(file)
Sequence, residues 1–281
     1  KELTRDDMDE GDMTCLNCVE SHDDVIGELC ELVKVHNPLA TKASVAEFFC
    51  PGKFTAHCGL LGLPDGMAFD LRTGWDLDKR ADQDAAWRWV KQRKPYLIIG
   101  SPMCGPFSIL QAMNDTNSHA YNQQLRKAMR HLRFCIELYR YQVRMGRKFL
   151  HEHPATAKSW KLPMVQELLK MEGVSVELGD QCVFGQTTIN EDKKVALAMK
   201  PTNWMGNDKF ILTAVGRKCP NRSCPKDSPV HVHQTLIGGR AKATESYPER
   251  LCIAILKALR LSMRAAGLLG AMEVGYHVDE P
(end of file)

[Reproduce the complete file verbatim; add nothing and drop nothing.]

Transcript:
Sequence, residues 1–281
     1  KELTRDDMDE GDMTCLNCVE SHDDVIGELC ELVKVHNPLA TKASVAEFFC
    51  PGKFTAHCGL LGLPDGMAFD LRTGWDLDKR ADQDAAWRWV KQRKPYLIIG
   101  SPMCGPFSIL QAMNDTNSHA YNQQLRKAMR HLRFCIELYR YQVRMGRKFL
   151  HEHPATAKSW KLPMVQELLK MEGVSVELGD QCVFGQTTIN EDKKVALAMK
   201  PTNWMGNDKF ILTAVGRKCP NRSCPKDSPV HVHQTLIGGR AKATESYPER
   251  LCIAILKALR LSMRAAGLLG AMEVGYHVDE P